A friend of mine introduced me to "Draw Something" last month and I must admit — I'm addicted. I've always been a doodler but this app really ups the ante by challenging me to illustrate a wide array of concepts — everything from simple words like "cow" to people like "Lady Gaga" or "Madonna" — so they can be guessed by a friend who's also drawing words for you. You earn coins for correct guesses and successful rounds are celebrated.
In a recent issue of the Harvard Business Review, Rosabeth Moss Kanter discussed the importance of leaders knowing when to focus in on details and when to pull back to see the big picture. While good leaders are able to zoom in and out to help them make decisions, training designers should know how to do the same.
It's easy to get stuck in a design rut whenever there's too much to do and not enough time to do it. Re-using and re-purposing design elements that have served you well in the past is one great way to enhance your efficiency, but over time, it can lead to a course library that lacks visual identity or personality.
As I recently watched this classic Seinfeld episode featuring George Costanza's “morbidly obese” wallet, I immediately made a real-world training connection. Watch and see if you're reminded of anyone you work with...
I recently stumbled upon Bill Gammell's ebook on marketing lessons learned from Seinfeld. Because of Seinfeld's ongoing pop-culture resonance, I've been mulling over the idea of a Seinfeld-themed post for a while now - but I'd never taken the time to further conceptualize it. Thankfully Bill's ebook demonstrated not only how to make some meaningful connections between Seinfeld and the real world, but how to do so in a way that was surprising and fun. It got me thinking: Are there any meaningful training lessons to be learned from Seinfeld?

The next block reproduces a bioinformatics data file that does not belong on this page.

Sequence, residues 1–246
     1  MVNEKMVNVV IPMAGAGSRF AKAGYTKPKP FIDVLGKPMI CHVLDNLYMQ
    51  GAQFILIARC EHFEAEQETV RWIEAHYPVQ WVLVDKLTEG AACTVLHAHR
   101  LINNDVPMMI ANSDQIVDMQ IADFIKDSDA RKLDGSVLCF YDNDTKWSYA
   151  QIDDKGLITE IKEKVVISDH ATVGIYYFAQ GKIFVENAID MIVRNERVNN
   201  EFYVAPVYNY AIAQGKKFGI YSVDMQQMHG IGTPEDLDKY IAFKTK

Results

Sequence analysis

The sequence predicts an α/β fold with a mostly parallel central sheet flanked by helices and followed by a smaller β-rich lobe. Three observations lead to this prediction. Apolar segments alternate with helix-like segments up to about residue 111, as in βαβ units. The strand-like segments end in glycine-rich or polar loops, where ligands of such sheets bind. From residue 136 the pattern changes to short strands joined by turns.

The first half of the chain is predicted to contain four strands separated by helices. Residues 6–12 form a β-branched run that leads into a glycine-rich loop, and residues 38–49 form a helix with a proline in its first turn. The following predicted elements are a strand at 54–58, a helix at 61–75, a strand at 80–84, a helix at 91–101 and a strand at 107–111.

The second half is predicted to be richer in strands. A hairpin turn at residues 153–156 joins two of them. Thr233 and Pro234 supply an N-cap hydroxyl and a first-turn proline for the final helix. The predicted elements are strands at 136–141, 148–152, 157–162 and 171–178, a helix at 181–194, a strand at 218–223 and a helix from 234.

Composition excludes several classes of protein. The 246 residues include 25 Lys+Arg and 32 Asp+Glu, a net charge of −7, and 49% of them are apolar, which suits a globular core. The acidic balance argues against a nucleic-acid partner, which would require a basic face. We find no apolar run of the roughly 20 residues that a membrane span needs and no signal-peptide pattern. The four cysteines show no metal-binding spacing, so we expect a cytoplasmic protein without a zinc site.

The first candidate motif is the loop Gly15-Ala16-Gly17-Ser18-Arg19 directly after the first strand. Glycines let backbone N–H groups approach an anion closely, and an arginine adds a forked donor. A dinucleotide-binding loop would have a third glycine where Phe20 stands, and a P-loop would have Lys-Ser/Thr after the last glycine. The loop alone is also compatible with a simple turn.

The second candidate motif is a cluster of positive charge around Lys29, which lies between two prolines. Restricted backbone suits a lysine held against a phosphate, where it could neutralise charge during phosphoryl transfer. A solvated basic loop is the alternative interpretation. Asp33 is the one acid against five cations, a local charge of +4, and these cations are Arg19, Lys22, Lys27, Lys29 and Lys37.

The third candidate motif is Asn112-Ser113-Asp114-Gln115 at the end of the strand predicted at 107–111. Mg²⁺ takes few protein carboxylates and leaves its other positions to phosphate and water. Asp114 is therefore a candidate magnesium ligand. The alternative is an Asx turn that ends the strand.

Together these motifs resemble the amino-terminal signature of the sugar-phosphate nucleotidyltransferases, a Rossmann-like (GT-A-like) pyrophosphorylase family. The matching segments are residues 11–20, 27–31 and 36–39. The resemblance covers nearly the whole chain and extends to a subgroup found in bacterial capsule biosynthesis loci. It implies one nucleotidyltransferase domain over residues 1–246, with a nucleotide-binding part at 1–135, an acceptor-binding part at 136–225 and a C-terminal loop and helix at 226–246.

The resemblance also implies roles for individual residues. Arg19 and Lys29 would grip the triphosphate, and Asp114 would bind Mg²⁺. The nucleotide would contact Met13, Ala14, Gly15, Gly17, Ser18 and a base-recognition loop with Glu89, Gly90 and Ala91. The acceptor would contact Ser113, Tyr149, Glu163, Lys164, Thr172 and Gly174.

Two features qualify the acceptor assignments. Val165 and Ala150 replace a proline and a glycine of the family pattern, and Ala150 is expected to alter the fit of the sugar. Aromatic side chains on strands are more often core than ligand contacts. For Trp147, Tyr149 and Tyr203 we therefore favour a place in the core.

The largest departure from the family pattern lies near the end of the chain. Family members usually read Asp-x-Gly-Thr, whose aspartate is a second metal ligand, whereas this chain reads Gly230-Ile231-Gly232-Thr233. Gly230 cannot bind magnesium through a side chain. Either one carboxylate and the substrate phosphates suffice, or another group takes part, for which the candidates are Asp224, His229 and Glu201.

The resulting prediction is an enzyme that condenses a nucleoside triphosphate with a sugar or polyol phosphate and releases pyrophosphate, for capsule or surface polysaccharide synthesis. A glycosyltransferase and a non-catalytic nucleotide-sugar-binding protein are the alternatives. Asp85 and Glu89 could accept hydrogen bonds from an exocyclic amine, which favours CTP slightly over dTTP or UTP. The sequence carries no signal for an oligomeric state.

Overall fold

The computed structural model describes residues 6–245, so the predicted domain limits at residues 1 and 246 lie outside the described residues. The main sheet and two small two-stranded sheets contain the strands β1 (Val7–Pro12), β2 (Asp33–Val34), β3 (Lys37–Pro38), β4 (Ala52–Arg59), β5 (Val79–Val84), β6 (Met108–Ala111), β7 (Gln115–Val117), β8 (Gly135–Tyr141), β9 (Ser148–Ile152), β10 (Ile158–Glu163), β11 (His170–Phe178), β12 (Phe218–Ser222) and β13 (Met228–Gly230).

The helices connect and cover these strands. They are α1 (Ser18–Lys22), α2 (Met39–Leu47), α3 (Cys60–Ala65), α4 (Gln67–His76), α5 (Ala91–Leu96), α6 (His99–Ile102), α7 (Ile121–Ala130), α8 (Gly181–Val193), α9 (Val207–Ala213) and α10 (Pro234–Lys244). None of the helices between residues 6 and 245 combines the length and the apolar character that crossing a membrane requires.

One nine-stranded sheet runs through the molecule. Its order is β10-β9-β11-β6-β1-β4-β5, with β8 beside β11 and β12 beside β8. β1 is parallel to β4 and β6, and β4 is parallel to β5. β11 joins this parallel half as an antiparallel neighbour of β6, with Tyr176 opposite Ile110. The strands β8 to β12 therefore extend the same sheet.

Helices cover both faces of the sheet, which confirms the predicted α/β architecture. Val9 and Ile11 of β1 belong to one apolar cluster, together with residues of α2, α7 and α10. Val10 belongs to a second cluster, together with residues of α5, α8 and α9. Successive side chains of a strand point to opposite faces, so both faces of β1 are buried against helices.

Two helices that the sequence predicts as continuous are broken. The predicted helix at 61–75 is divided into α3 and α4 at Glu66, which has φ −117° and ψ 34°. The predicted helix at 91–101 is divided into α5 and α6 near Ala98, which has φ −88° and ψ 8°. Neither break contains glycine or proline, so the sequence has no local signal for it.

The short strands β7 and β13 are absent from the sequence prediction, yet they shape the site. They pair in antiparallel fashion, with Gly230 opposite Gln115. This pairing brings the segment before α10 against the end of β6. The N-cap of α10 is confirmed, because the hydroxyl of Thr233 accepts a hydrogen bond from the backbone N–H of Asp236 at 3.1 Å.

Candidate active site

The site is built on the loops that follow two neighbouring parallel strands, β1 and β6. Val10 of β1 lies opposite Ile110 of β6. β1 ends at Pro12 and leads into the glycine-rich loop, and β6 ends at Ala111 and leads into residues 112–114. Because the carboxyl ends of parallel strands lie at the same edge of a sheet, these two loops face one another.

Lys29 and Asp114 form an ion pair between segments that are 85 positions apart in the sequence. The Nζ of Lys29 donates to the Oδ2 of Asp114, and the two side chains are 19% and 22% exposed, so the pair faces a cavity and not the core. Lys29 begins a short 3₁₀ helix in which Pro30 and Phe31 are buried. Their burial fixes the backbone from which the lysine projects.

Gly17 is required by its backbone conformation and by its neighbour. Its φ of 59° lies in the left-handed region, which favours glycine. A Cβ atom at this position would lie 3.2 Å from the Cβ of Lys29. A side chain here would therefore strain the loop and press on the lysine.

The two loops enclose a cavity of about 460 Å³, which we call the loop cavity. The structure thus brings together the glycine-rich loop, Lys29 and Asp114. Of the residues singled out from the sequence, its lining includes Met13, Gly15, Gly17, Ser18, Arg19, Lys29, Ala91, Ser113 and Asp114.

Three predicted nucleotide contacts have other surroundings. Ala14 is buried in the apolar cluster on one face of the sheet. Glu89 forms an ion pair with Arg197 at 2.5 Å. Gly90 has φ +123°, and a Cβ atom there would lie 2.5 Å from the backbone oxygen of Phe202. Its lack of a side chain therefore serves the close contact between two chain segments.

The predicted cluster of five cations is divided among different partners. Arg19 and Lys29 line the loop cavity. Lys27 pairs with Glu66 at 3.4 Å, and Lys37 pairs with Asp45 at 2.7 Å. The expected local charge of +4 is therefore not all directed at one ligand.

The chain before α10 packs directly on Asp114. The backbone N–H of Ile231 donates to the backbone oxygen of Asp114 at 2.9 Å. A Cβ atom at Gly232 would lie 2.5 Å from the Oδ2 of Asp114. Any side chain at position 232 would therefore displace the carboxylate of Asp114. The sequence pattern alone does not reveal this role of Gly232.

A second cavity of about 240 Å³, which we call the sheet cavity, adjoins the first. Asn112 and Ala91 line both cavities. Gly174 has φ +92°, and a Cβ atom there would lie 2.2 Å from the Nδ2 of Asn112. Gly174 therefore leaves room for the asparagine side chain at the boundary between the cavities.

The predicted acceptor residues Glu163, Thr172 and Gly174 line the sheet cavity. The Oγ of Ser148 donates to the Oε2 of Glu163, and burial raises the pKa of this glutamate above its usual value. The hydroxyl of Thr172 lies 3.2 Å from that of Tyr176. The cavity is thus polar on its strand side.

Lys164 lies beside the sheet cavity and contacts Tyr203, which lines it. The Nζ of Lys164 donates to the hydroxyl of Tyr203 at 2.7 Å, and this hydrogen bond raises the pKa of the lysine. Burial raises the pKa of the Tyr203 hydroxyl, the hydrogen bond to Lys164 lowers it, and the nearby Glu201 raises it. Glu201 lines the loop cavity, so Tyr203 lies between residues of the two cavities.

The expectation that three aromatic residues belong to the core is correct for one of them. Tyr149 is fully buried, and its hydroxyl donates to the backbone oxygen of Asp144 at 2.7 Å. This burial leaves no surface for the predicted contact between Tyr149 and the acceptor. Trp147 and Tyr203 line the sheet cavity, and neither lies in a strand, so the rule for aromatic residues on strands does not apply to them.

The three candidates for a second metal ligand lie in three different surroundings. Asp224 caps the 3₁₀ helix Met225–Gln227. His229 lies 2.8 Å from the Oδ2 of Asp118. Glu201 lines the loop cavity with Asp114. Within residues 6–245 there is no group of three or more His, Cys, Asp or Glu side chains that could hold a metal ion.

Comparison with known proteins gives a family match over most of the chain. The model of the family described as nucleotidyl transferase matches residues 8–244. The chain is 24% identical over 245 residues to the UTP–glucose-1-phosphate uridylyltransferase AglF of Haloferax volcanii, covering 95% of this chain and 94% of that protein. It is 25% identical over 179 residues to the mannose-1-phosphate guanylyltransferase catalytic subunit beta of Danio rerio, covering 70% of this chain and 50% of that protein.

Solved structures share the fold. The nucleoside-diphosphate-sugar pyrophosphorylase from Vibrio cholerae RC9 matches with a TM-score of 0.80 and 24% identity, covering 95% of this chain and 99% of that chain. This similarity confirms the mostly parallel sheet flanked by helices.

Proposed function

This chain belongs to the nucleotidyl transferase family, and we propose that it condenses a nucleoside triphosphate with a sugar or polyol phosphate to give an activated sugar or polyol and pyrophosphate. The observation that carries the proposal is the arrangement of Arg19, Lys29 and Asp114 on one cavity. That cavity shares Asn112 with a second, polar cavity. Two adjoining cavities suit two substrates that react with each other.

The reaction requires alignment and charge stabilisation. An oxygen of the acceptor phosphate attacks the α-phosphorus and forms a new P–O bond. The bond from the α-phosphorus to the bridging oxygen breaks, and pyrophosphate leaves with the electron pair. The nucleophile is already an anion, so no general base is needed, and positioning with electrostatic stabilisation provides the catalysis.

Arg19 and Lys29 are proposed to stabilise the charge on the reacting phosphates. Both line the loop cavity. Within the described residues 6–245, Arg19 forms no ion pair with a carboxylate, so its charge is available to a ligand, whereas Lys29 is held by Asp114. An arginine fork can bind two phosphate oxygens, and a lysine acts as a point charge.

A friend of mine recently discovered a suspicious mass and, given her family history of cancer, immediately assumed she was about to die. Convinced of the seriousness of her illness, she spent the first 10 minutes of her consultation asking the doctor about different cancer treatments - before she'd even been given a cancer diagnosis (thankfully, it was NOT cancer and she's fine). Fortunately for my friend, her doctor graciously invited her concerns and countered them with descriptions of the tests he would order before jumping to conclusions about her diagnosis and treatment.
I recently shared some insights I've had on the usability of the iPad and walked you through the steps for creating your own iPad/iPhone-inspired app icons in PowerPoint. This post is all about applying the icons and an iPad theme to your online training course.
Following Apple's unveiling of the iPad 2 , I found myself inundated with tons of great articles and thought-provoking blog posts about the impact of the iPad on the tablet market, the growing appetite for mobile learning, and how the iPad is being used by companies to increase productivity.
If there's any kind of upside to sick time I suppose it's having some downtime to catch up on my reading. As I convalesced from yet another illness last week, I was reminded that reading and laughter are still the best medicines. Jeff Goldman's post on Minute Bio, "Signs of Being in e-Learning Hell," was an entertaining pill to swallow — as funny as it was bitingly true.